Back in 2007, then-CEO of General Motors, Rick Wagoner, showed off the Chevrolet Volt concept at the North American International Auto Show.
The Volt launch a couple of years later with much fanfare. Despite it being a bit overpriced, it sold well enough to convince General Motors to develop a next-generation version of the Volt.
Not only did the original Volt convince GM to do Gen 2, but also it laid the foundation for what would later become the Chevy Bolt, the world’s first long-range affordable electric car.
Quoting Bill Wallace, General Motors director of global battery systems and hardware engineering:
“Without the Volt, we would not be able to do the Bolt with confidence.”
“With the Gen 1 Volt, we had to literally invent the process from nothing. We had to invent the lab. We had to hire the team. We had to invent the tests. With Bolt, we knew a lot more, but we were trying to move a lot faster, and we’re asking a lot more out of the battery.”
As Automotive News explains:
“The Volt didn’t keep GM out of bankruptcy (or save Wagoner’s job), and consumers didn’t embrace it the way GM had projected. But it did set GM on a decadelong path that culminated in the launch of the Chevy Bolt, a battery-powered car that presages a future with self-driving, emissions-free vehicles that consumers might share rather than own.”
The Bolt has position GM atop the electric car segment once again, meaning that like when the original Volt launched back in 2010, the Bolt is without competition.
Perhaps even more importantly, General Motors beat electric automaker Tesla at its own game. By coming to market with the Bolt ahead of the Model 3, GM proved that it can still operate swiftly and react to buyer demand.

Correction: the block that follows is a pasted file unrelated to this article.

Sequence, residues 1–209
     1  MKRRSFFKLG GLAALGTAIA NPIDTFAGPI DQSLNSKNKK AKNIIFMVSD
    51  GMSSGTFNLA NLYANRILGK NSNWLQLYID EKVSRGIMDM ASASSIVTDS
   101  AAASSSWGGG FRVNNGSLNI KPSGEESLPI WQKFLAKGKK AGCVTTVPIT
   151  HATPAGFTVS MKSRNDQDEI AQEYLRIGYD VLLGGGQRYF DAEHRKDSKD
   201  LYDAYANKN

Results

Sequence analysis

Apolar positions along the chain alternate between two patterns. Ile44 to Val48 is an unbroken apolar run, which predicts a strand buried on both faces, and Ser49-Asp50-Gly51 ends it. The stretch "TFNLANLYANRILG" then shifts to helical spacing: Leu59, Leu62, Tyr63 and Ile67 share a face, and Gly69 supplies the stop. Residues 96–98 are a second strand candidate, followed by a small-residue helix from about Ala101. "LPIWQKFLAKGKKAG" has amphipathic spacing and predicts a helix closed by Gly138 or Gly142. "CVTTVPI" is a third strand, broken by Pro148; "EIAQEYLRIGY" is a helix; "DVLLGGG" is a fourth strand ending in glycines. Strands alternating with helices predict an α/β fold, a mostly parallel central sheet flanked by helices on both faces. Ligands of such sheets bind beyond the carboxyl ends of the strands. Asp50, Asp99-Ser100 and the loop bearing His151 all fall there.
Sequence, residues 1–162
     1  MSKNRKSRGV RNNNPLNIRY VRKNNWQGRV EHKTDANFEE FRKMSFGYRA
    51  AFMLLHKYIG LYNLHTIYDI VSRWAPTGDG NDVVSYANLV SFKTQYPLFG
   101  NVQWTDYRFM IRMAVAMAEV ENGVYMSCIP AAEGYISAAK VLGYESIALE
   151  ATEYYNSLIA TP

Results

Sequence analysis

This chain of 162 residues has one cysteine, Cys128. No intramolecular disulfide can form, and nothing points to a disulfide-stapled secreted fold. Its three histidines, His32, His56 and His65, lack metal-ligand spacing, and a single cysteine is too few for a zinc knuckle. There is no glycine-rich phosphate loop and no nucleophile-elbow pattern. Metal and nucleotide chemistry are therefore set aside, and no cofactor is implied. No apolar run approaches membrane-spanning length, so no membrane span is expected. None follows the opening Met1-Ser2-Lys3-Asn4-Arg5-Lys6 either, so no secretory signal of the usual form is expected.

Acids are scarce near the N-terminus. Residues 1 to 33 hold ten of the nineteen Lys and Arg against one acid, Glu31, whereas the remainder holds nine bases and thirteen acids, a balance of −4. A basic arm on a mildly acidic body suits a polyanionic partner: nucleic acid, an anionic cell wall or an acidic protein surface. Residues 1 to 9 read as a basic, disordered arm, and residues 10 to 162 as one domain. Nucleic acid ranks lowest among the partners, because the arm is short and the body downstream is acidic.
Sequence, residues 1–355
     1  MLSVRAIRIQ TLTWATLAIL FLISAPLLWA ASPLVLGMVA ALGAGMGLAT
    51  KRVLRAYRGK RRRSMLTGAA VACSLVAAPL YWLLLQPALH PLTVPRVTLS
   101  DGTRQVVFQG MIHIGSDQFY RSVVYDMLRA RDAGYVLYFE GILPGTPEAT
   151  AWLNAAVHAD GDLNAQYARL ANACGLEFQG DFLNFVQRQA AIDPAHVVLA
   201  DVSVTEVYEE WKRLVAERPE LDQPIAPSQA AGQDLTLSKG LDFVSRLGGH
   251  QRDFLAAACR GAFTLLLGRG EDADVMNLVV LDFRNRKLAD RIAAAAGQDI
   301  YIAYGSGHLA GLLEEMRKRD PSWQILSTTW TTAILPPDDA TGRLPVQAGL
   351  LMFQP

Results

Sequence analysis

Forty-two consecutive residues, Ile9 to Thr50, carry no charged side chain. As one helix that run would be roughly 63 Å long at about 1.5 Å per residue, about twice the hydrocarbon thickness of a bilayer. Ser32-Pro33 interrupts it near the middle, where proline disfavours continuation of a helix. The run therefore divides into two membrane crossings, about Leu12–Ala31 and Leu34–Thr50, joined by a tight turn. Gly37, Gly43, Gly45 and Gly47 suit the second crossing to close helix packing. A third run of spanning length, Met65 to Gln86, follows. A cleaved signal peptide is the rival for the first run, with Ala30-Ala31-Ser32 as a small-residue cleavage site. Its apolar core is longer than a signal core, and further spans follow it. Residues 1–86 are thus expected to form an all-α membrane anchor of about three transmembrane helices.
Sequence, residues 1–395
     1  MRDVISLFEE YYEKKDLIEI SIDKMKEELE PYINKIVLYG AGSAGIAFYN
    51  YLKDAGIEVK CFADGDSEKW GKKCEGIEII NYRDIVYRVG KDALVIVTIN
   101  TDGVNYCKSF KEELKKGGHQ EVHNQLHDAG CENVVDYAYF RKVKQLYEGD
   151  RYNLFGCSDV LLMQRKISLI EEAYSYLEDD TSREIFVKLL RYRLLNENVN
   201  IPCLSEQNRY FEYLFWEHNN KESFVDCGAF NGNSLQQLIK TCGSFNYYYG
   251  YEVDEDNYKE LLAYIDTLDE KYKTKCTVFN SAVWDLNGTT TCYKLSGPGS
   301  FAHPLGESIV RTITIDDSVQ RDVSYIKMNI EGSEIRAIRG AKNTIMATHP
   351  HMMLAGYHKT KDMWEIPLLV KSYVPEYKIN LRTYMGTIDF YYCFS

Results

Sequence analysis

Automotive News states:
“The fact that the Bolt runs on electricity is now only part of its story: Its greatest legacy may lie in its ability to help GM navigate a future in which automakers that fall too far behind can become obsolete.”
GM CEO Mary Barra adds to the conversation, stating:
“When I look at General Motors, and I look at our size, our strength, our technological capability, I feel there’s no reason why General Motors shouldn’t be on the leading edge of defining the future of personal mobility.”
“There was good work that started with the first-generation Volt and now with the second-generation Volt. Now, this technology platform that is propelled with a battery really puts us in the position of demonstrating we’re technology leaders.”
It remains to be seen if the Bolt will be more successful than the Volt (in terms of overall sales). It all depends on the customers now (and maybe a bit on President Donald Trump, too), says Darin Gesse, product manager for the Bolt:
“Customers are the ultimate validation, We can’t control gas prices. We can’t control what Trump will do.”
GM is confident it delivered in a winning product in the Bolt, but whether or not buyers buy in volume will ultimately determine the Bolt’s overall success. It’s in your hands now…buyers!
Source: Automotive News